is only 39. Poisson distributions with low mean counts can only
take ona set of discrete values and are positivelyskewed, unlike
Gaussian distributions. This conclusion is supported by the fact
that the exact CRLB of the -weighted measurements from the
empirical characteristic function (Appendix C) is well within
0.1% of the CRLB of the full detected spectrum [Fig. 5(e)]. The
accuracy of this method simply depends on the discretization
of the Fourier space variable
and becomes a numerical issue.
These results show that
-weighted measurements achieve
the same performance in estimating
full spectrum. Although not shown here, the
andfor -weighted measurements also match those
of the full spectrum, while those of binning and the CIX exhibit
similar penalty ratios to their
different measurement schemes.
It is possible to have objects that decompose into a negative
amount of calcium or water (but not both). While only quadrant
of the calcium/water decomposition space
is shown in Fig. 5, our results extend smoothly into the valid
negative amounts of either basis material.
-weights when using the
. This ratio is
as knowledge of the
counterparts under the
B. Wedge Phantom
We also simulated the dual-energy performance of the three
different binning or weighting schemes on a phantom designed
to compare the calcium detectability of the methods. Consider
a projection image with 0.2 mAs exposure of a water wedge
phantom varying from 0 to 40 cm thickness in the horizontal
direction with square calcium contrast elements ranging in
area from 1 mm to 1 cm overlaid on top [Fig. 6(a)]. These el-
ements have a thickness such that the predicted (full area) SNR
of each calcium element from the full detected spectrum is 4 (at
the threshold of detectability). Because the necessary amount
of calcium to maintain a constant SNR increases as the water
gets thicker and as the elements becomes smaller, the calcium
images are displayed on a spatially varying grayscale window
ified as a function of horizontal position
[Fig. 6(b) and (c)].
WANG AND PELC: SUFFICIENT STATISTICS AS A GENERALIZATION OF BINNING IN SPECTRAL X-RAY IMAGING 89
Fig. 5. CRLB performance over a wide range of material thicknesses for (a) the full detected spectrum (cm ) and the multiplicative penalty factor ? for (b) two
bins with a 57 keV threshold (no notch), (c) counting and integrating, (d) optimal ?-weights with a Gaussian model, and (e) optimal ?-weights with the exact
numerically computed CRLB. Note the different contour levels in the subfigures. (a) ??????
? penalty: CIX. (d) ????? ?
? penalty: ?-weights, Gaussian. (e) ????? ?
?: Full spectrum. (b) ????? ?
? penalty: ?-weights, Exact.
? penalty: 2 bins, ? ? ?? keV. (c)
The numerical phantom was designed so that all contrast ele-
ments project onto an integer number of detectors and are per-
fectly aligned with the detector grid so as to avoid any partial
volume effects. Furthermore, while it is a practical concern, we
leave aside the issue of spatial resolution, count rates, and en-
ergy resolution by assuming an idealized photon counting de-
tector with no cross-talk, no count rate losses, and perfect en-
ergy resolution. Transmission of the X-ray spectrum and detec-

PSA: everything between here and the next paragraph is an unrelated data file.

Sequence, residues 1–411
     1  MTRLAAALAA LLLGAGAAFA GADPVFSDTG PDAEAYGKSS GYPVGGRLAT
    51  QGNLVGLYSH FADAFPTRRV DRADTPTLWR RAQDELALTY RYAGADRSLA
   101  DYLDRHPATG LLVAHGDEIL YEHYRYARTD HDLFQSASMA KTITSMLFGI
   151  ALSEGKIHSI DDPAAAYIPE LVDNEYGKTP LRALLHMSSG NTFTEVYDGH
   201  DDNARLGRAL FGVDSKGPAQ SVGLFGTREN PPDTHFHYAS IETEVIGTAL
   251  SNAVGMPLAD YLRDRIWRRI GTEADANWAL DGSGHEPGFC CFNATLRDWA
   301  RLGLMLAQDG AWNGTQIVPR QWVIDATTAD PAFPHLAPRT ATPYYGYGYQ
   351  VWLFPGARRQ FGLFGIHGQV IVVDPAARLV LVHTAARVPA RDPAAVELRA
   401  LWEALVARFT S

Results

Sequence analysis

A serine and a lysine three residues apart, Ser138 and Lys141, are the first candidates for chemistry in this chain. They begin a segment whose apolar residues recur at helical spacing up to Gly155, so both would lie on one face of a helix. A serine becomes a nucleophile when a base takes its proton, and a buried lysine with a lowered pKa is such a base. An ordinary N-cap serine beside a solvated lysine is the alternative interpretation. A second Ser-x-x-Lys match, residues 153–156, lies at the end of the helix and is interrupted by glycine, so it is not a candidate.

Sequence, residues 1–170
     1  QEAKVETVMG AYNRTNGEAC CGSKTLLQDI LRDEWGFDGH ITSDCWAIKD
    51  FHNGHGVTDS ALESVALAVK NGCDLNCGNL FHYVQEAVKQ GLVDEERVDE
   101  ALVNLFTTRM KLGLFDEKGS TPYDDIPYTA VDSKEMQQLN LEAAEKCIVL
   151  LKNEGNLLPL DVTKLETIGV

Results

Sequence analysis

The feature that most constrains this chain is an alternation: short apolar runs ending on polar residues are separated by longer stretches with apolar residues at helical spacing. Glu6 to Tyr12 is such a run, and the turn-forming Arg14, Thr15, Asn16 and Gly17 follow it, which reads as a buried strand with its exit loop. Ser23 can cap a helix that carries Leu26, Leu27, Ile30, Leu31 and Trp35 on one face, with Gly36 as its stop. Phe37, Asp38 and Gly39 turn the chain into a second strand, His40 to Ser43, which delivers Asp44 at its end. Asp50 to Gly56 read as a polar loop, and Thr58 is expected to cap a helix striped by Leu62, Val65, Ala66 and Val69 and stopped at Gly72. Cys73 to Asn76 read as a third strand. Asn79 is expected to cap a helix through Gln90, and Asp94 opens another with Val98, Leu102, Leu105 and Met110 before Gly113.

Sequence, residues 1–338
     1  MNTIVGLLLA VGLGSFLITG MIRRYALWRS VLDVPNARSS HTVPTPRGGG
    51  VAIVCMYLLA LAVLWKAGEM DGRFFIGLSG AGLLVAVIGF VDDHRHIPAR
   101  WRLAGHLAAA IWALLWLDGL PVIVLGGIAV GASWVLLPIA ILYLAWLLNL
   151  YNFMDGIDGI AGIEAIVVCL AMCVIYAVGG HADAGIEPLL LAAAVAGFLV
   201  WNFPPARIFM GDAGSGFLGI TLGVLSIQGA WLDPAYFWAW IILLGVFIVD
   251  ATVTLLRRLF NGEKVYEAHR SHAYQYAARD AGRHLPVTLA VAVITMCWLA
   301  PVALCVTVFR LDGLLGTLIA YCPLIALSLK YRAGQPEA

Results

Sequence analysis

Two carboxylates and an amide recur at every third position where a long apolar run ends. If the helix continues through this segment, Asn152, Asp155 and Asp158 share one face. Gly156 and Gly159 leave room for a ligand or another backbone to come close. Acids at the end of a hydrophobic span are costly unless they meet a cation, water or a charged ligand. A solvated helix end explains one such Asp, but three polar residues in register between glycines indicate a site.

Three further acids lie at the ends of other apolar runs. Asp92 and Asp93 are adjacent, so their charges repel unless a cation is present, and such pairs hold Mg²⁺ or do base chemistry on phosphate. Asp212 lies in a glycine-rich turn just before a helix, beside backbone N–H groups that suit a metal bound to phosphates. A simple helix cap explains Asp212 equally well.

tion with energy resolution of 1 keV and perfect detection effi-
1 keV energy. The simulated noisy detected spectra were then
and weighted measurements were obtained from the same real-
ization of detected spectra.
Maximum-likelihood estimation (MLE) is a commonly used
method for estimating
given noisy measurements
 and was a convenient choice given the extensive use of the
log-likelihood functions (A.2) and (B.1) in deriving the CRLB.
We used Matlab’s Optimization Toolbox (v3.1.1) to find the
Although more sophisticated methods may exist for estimating
, these are beyond the focus of this paper. For the CIX and
pare theMLdecompositionofmeasurementstaken with:1)two
bins with a 57 keV threshold (no notch); 2) a CIX detector (i.e.,
); 3) -weights.
are shown in Fig. 6. Detection of the targets is challenging in
all the images since the phantom was designed to make this
so, but the -weights image is noticeably superior. The images
for increased conspicuity of all contrast elements as compared
with a two bin or CIX approach. The estimates are shown with
the spatially varying grayscale window
expected from the CRLB comparisons (Fig. 5), the noise in the
calcium image is highest when using two bins and lowest when
using -weights. The empirical SNR as measured with 10 000
realizations of this experiment is consistent with the theoretical
SNR using the CRLB (Fig. 5), although a bias in the estimates
becomes evident at the thick end of the wedge. As predicted by
Fig. 5(c), the advantage of -weights over CIX is largest in the
lower left corner of the wedge and drops off to the upper right.
VII. DISCUSSION AND CONCLUSION
A simple explanation for the improvement of binning per-
formance from including a notch between bins is that the sen-
sitivity of the ML estimate
to detected photons depends on
the photon energy. Fig. 7 plots the expected transmitted spec-
and the change in the material decomposition estimates
using the full detected spectrum when one additional photon of
is detected beyond the expected number of counts
for the object . Photons near 64 keV provide very
little information to the calcium estimate, whereas additional